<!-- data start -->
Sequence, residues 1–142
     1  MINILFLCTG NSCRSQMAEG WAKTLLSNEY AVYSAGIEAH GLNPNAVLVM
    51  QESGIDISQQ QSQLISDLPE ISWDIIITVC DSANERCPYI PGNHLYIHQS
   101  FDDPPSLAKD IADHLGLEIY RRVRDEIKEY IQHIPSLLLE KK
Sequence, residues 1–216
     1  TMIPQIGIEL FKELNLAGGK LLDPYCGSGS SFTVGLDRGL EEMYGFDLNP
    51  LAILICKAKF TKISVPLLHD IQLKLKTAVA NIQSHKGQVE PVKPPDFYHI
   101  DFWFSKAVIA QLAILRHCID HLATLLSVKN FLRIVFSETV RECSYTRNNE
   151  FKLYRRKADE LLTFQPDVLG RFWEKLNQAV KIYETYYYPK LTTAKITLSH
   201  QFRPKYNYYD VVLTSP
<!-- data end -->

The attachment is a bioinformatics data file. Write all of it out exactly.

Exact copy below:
Sequence, residues 1–142
     1  MINILFLCTG NSCRSQMAEG WAKTLLSNEY AVYSAGIEAH GLNPNAVLVM
    51  QESGIDISQQ QSQLISDLPE ISWDIIITVC DSANERCPYI PGNHLYIHQS
   101  FDDPPSLAKD IADHLGLEIY RRVRDEIKEY IQHIPSLLLE KK
Sequence, residues 1–216
     1  TMIPQIGIEL FKELNLAGGK LLDPYCGSGS SFTVGLDRGL EEMYGFDLNP
    51  LAILICKAKF TKISVPLLHD IQLKLKTAVA NIQSHKGQVE PVKPPDFYHI
   101  DFWFSKAVIA QLAILRHCID HLATLLSVKN FLRIVFSETV RECSYTRNNE
   151  FKLYRRKADE LLTFQPDVLG RFWEKLNQAV KIYETYYYPK LTTAKITLSH
   201  QFRPKYNYYD VVLTSP